ANKARA, Nov 5: The winning party in Turkey’s general elections, born of a banned religious movement, settled down on Tuesday to form the next government, boosted by a pledge from the powerful army to respect its stunning victory.
The Justice and Development Party (AK), which has disavowed its radical past in favour of a centre-right agenda, won a landslide victory in Sunday’s elections, securing an outright majority in parliament and the chance to form the new government on its own.
Its victory came against the backdrop of concerns of possible tension between AK and the army, the self-appointed guardian of the secular order, which has carried out three coups and forced the resignation of the country’s first prime minister from a religion-based party in 1997.
But army chief Hilmi Ozkok said the military would respect the outcome of the elections, which have redrawn the political landslide in the key US ally and NATO member.
“We had a very democratic, incident-free election. The outcome is the will of our people and I can only respect it,” Ozkok told reporters in Washington, Anatolia news agency reported.
The AK leadership on Tuesday convened its first meeting to map out the government, which it says will be committed to secularism and Turkey’s decades-old pro-Western orientation, a party spokeswoman said.
The party’s first task will be to name a candidate for prime minister: AK leader Recep Tayyip Erdogan has been barred from the job due to a 1998 conviction for sedition for which he served four months in jail.
The conviction also forms the legal basis of a bid to ban AK on the grounds that Erdogan is not eligible to be the party’s leader.
The party has indicated that it may not announce a candidate for prime minister until next week.
Despite the question marks, the prospect of a one-party government after more than a decade of embattled coalition governments boosted Turkish stocks, which soared by 10.1 percent on Tuesday atop a 6.1-percent gain a day before.
Turkish President Ahmet Necdet Sezer, who is responsible for appointing the prime minister, has invited Erdogan for talks on Thursday.
He will also meet Deniz Baykal, the leader of the staunchly secular Republican People’s Party (CHP), the only other party to have won parliamentary representation.
According to unofficial results from Sunday’s elections, AK won 34.2 percent of the votes and 363 of the 550 parliamentary seats, while the CHP garnered 19.3 percent and 178 seats.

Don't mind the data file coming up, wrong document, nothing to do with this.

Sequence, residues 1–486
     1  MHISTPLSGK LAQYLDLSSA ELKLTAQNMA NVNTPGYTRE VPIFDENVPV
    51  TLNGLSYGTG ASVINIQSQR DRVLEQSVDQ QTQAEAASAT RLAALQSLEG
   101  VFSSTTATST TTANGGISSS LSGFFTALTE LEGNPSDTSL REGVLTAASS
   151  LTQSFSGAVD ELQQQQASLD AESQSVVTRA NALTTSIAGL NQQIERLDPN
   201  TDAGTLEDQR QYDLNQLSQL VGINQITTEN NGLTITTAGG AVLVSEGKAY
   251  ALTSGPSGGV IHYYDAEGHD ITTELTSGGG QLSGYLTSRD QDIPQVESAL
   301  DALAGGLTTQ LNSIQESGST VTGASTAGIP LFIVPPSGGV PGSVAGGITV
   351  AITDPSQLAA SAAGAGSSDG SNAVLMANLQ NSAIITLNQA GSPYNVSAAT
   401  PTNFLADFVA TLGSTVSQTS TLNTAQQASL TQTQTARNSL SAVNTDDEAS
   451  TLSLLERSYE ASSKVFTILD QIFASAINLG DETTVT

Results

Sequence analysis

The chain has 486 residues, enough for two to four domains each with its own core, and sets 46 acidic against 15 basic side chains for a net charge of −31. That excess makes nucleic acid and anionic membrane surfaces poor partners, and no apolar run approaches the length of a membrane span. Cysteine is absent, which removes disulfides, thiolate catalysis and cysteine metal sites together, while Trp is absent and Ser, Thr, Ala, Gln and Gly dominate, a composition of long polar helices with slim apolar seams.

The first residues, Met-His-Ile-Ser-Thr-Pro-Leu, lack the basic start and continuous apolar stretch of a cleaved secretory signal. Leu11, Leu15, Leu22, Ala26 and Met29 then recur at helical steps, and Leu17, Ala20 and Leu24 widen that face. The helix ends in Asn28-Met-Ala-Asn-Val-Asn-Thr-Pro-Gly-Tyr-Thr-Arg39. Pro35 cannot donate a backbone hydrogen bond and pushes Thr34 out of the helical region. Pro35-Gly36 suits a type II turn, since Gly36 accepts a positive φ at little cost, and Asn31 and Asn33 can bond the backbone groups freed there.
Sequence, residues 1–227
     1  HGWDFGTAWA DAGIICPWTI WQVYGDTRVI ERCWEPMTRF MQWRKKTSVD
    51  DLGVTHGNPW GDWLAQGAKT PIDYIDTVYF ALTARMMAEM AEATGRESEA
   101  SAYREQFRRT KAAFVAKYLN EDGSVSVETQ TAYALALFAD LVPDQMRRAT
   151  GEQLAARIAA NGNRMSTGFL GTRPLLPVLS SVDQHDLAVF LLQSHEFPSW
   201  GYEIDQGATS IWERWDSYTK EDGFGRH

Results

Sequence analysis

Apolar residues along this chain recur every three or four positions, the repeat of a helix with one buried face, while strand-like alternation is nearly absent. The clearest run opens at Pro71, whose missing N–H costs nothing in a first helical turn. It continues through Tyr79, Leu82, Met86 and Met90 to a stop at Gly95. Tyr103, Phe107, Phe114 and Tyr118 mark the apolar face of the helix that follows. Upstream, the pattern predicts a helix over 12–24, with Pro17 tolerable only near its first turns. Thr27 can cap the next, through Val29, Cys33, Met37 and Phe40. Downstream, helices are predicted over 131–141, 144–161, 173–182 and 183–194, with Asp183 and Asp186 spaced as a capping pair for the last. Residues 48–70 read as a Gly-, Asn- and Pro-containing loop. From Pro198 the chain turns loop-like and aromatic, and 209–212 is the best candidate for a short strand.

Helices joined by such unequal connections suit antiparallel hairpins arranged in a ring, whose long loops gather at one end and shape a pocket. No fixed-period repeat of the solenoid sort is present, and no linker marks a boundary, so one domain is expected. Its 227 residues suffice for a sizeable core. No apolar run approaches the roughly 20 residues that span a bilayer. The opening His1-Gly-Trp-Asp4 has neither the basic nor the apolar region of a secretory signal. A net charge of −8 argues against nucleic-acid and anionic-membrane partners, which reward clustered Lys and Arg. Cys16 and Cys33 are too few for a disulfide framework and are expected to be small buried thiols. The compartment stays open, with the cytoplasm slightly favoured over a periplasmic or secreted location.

At their first meeting since the election, Erdogan and Baykal signalled they would work together to win a date from the European Union for the opening of accession talks.
“We are agreed on the need to work in coordination on Turkey’s EU bid,” Erdogan told a joint press conference. “The Copenhagen summit must yield the result Turkey desires.”
The EU is expected next month at its summit in the Danish capital to formally invite 10 new countries to join the 15-nation bloc in 2004.
But Brussels has so far refused to even set a date for the start of talks with Turkey, saying the country has not yet met European norms, although it introduced a raft of human rights reforms in August.
In a bid to dispel doubts over his party’s direction, Erdogan has emphasized that EU membership would be the first priority of the future government.
Another key foreign policy issue is a possible US strike against Iraq which could require crucial logistical support from Turkey, the only Muslim member of NATO.
But AK made it clear on Tuesday that it is not keen on military action against the country’s southern neighbour.
“The US does not have the support of its own public opinion and there are problems with putting such an operation within the framework of international legitimacy,” AK deputy chairman Yasar Yakis said in an interview with Anatolia.
“When there are so many uncertainties, it would be untimely to give assurances on whether we will open our bases” to US jets for a possible operation against Iraq, he added.—AFP
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